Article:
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Modifying Ferritic Stainless Steels for Solid Oxide Fuel Cell Applications

Laney, Scot J. (2007) Modifying Ferritic Stainless Steels for Solid Oxide Fuel Cell Applications. Doctoral Dissertation, University of Pittsburgh. (Unpublished)

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<p style="margin: 0in 0in 0pt; line-height: 200%" class="MsoNormal"><font face="Times New Roman" size="3">One of the most important problem areas associated with the solid oxide fuel cells is selection of a cost effective material for use as the interconnect component of the cell.<span>  </span>Metals are now being considered as materials for this component, with ferritic stainless steels being the leading candidate.<span>  </span>This work evaluates methods to combat the problem areas, namely rapid growth rate and vaporization of the oxide scale, that hinder the use of these materials.<span>  </span>Oxidation experiments have been performed in dry and wet single atmosphere exposures as well as a dual environment exposure to simulate the conditions in a working SOFC.<span>  </span>Measurements of the electrical properties of the oxides that formed were also performed.<span>  </span>Commercial alloys, E-Brite and Crofer 22APU, were tested to form a baseline and resultant oxidation and electrical behaviors match those found in the literature.<span>  </span>Isothermal oxidation tests for short exposure times have also led to a possible mechanism for the formation of the MnCr2O4 layer on Crofer.<span>  </span>All of these tests were then replicated on a series of experimental Fe-22Cr-XTi (X=0-4) alloys.<span>  </span>These alloys are shown to form a rutile layer analogous to the MnCr2O4 layer on Crofer.<span>  </span>While this layer does prevent some chromia vaporization, the consequences due to the presence of Ti in the chromia include increased growth rate, decreased resistivity, extensive internal oxidation and nitridation of Ti, and a change of the growth direction of the chromia.<span>  </span>The alloys containing ~2 – 3 wt%Ti appear to offer the best combination of oxidation, electrical, and mechanical properties.<span>  </span>Coatings of lanthanum chromites and ferrites were also tested and shown to be very sensitive to exposure condition, resulting in the formation of pores, and to coating thickness, where thicker coatings are subject to cracking.<span>  </span>Finally, reactive element oxide doping was attempted to slow the oxide growth rate for E-Brite (CeO<sub>2</sub> doping) and for the Fe-Cr-Ti alloys (CeO<sub>2</sub> and La<sub>2</sub>O<sub>3</sub> doping).<span>  </span>A significant effect was observed for E-Brite, while both dopants produced little change in the amount of oxide formed on the Ti bearing alloys.</font></p>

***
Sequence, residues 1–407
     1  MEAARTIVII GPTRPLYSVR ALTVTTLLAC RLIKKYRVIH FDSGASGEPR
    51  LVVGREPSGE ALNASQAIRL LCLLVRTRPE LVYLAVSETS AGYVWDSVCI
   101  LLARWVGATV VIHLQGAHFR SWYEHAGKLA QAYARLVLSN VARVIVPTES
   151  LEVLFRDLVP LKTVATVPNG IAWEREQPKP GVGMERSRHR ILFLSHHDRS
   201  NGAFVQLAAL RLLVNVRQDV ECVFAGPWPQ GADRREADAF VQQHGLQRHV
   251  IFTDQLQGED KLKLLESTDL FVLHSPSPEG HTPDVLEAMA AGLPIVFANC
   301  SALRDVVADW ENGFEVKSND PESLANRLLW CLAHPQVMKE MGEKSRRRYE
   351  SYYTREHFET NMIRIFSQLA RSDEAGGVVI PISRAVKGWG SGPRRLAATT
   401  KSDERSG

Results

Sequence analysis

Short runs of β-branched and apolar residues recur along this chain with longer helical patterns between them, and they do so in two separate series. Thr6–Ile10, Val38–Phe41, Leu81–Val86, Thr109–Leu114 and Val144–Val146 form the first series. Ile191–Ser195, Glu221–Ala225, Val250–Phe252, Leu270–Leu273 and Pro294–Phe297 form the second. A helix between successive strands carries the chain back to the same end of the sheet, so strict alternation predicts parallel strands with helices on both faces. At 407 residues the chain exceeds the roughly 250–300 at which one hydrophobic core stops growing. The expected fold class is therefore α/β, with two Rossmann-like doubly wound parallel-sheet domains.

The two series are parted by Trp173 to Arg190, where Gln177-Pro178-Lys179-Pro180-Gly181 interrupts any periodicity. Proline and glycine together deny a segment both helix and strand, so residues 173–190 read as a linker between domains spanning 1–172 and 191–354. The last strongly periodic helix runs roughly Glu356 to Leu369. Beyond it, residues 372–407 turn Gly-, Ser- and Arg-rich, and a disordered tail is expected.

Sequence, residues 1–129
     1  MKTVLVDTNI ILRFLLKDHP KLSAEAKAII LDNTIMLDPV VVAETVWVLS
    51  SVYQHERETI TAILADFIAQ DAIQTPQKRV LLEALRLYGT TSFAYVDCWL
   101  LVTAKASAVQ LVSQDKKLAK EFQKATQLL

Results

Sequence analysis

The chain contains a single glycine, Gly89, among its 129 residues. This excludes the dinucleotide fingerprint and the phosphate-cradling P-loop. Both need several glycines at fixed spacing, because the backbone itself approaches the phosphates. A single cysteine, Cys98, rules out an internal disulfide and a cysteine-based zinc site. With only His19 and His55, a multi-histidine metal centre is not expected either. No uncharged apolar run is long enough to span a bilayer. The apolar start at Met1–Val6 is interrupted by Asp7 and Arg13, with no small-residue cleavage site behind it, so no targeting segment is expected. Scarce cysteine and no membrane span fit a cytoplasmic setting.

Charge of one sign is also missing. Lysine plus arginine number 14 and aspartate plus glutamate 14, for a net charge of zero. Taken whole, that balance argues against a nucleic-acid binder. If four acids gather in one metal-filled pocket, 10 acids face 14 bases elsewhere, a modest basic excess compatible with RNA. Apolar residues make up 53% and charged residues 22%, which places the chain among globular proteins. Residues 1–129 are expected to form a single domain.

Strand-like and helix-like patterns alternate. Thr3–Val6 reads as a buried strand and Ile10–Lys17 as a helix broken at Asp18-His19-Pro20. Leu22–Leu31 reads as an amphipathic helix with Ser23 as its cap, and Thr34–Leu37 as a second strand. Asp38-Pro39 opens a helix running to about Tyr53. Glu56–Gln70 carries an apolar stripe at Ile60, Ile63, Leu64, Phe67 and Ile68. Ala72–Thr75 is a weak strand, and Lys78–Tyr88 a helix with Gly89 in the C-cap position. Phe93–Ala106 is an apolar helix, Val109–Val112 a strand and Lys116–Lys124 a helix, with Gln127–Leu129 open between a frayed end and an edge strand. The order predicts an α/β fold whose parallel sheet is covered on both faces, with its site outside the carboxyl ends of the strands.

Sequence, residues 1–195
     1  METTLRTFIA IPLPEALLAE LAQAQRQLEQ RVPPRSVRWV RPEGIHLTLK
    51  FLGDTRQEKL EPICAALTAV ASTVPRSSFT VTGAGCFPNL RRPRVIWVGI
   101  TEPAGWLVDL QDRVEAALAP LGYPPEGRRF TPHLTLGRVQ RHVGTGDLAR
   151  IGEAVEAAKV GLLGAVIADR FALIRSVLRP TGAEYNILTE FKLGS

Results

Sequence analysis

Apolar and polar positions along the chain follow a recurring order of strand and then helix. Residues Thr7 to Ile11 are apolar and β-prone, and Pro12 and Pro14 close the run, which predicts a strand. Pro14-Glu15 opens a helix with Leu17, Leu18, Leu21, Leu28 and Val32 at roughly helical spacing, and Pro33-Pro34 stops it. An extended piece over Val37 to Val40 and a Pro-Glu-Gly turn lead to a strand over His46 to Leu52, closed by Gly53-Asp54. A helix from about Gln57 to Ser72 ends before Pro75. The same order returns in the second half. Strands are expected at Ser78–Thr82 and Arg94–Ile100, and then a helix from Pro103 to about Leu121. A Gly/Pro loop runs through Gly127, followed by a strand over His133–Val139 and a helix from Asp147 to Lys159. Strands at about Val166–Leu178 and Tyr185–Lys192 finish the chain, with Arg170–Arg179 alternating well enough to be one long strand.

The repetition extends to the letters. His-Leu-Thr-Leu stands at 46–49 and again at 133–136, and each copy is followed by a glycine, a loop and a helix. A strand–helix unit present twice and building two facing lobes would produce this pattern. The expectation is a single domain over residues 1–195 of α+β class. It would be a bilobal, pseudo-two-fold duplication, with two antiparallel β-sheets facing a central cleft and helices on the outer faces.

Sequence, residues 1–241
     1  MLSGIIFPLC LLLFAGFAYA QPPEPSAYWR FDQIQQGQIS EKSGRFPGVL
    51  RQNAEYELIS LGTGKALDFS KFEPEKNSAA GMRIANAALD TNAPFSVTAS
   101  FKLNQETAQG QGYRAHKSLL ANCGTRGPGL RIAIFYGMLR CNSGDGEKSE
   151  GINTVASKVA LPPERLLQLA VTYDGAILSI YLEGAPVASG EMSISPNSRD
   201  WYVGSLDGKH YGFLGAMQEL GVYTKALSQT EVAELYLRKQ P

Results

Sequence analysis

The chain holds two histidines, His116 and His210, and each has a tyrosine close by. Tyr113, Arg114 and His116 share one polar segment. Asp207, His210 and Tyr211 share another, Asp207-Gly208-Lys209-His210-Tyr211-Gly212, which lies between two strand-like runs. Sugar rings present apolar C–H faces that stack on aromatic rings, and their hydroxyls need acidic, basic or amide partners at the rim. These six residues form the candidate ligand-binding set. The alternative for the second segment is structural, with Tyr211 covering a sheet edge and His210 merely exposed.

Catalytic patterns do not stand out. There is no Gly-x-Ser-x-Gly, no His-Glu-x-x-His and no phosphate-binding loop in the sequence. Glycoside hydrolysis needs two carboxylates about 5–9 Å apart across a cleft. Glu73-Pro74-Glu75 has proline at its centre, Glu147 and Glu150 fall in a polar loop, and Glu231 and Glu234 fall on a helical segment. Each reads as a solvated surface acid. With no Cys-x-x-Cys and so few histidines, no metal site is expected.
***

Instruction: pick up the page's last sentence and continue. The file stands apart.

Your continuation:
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Item Type: University of Pittsburgh ETD
Status: Unpublished
CreatorsEmailPitt UsernameORCID
Laney, Scot
ETD Committee:
TitleMemberEmail AddressPitt UsernameORCID
Committee CoChairPettit, F.S.pettit@engr.pitt.eduPETTITFS
Committee CoChairMeier, G.H.ghmeier@engr.pitt.eduGHMEIER
Committee MemberJohnson,
Committee MemberBarnard, J. A.jbarnard@engr.pitt.eduJBARNARD
Committee MemberLeonard, J.
Date: 12 June 2007
Date Type: Completion
Defense Date: 2 March 2007
Approval Date: 12 June 2007
Submission Date: 8 March 2007
Access Restriction: No restriction; Release the ETD for access worldwide immediately.
Institution: University of Pittsburgh
Schools and Programs: Swanson School of Engineering > Materials Science and Engineering
Degree: PhD - Doctor of Philosophy
Thesis Type: Doctoral Dissertation
Refereed: Yes
Uncontrolled Keywords: ASR; dual atmosphere; interconnect; rutile; SOFC; thermally grown overlayer; Crofer; oxidation
Other ID:, etd-03082007-140032
Date Deposited: 10 Nov 2011 19:32
Last Modified: 15 Nov 2016 13:36


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